The Literary Governess: Depictions in Austen, Brontë, Thackeray, and Heyer

What an insightful article! (Don’t get me wrong, I spent many a rainy summer afternoon as a young lady reading Phyllis Whitney’s Gothic Romances and wishing I could be a governess pining with love for a mysterious dark-haired widower.)

Mimi Matthews

The Governess by Richard Redgrave, 1844.The Governess by Richard Redgrave, 1844.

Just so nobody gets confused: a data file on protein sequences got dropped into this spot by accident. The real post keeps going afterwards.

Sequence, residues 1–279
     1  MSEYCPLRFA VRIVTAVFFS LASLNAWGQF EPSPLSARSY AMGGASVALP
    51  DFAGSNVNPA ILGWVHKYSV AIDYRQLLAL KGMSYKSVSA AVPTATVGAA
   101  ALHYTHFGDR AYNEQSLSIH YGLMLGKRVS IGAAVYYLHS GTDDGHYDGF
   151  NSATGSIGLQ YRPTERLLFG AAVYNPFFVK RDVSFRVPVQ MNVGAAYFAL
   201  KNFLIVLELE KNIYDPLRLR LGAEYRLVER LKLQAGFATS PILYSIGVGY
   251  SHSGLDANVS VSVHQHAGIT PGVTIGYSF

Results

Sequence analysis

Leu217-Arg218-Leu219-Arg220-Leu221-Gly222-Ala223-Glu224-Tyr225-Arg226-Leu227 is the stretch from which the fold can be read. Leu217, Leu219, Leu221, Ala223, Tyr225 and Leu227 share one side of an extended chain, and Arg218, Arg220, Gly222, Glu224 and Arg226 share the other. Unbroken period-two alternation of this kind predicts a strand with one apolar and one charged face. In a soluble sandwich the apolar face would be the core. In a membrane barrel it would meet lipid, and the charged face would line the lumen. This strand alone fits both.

During the 19th century, a gently bred young lady with no fortune, no family, and no prospects had few options for making her way in the world.  She might hire herself out as a companion, of course.  Or if she was particularly adept with a needle, she might take in a bit of sewing.  Both were respectable, genteel occupations for a lady down on her luck and, as such, both are well-represented in historical novels.  However, despite the undoubted romantic appeal of the penniless companion and the impoverished seamstress, neither position provides the wealth of literary possibilities inherent in the role of governess.

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